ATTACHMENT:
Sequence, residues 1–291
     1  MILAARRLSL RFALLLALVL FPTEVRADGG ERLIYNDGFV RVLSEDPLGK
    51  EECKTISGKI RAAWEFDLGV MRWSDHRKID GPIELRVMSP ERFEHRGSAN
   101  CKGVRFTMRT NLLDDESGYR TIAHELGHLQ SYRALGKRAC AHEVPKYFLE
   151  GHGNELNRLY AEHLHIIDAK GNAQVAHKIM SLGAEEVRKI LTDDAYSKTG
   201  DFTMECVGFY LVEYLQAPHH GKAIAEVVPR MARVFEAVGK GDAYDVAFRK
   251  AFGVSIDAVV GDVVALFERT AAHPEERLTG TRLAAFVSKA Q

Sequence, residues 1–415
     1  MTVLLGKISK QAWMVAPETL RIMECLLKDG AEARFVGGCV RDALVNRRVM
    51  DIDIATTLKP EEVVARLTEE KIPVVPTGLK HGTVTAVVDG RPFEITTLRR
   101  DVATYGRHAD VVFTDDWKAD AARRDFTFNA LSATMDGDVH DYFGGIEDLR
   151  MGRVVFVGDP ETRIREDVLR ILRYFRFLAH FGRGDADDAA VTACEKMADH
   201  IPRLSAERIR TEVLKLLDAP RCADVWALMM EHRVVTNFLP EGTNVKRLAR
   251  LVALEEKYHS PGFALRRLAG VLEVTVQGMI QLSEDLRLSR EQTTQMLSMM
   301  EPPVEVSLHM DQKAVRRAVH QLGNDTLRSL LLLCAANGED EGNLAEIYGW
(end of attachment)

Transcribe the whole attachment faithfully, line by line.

Sequence, residues 1–291
     1  MILAARRLSL RFALLLALVL FPTEVRADGG ERLIYNDGFV RVLSEDPLGK
    51  EECKTISGKI RAAWEFDLGV MRWSDHRKID GPIELRVMSP ERFEHRGSAN
   101  CKGVRFTMRT NLLDDESGYR TIAHELGHLQ SYRALGKRAC AHEVPKYFLE
   151  GHGNELNRLY AEHLHIIDAK GNAQVAHKIM SLGAEEVRKI LTDDAYSKTG
   201  DFTMECVGFY LVEYLQAPHH GKAIAEVVPR MARVFEAVGK GDAYDVAFRK
   251  AFGVSIDAVV GDVVALFERT AAHPEERLTG TRLAAFVSKA Q

Sequence, residues 1–415
     1  MTVLLGKISK QAWMVAPETL RIMECLLKDG AEARFVGGCV RDALVNRRVM
    51  DIDIATTLKP EEVVARLTEE KIPVVPTGLK HGTVTAVVDG RPFEITTLRR
   101  DVATYGRHAD VVFTDDWKAD AARRDFTFNA LSATMDGDVH DYFGGIEDLR
   151  MGRVVFVGDP ETRIREDVLR ILRYFRFLAH FGRGDADDAA VTACEKMADH
   201  IPRLSAERIR TEVLKLLDAP RCADVWALMM EHRVVTNFLP EGTNVKRLAR
   251  LVALEEKYHS PGFALRRLAG VLEVTVQGMI QLSEDLRLSR EQTTQMLSMM
   301  EPPVEVSLHM DQKAVRRAVH QLGNDTLRSL LLLCAANGED EGNLAEIYGW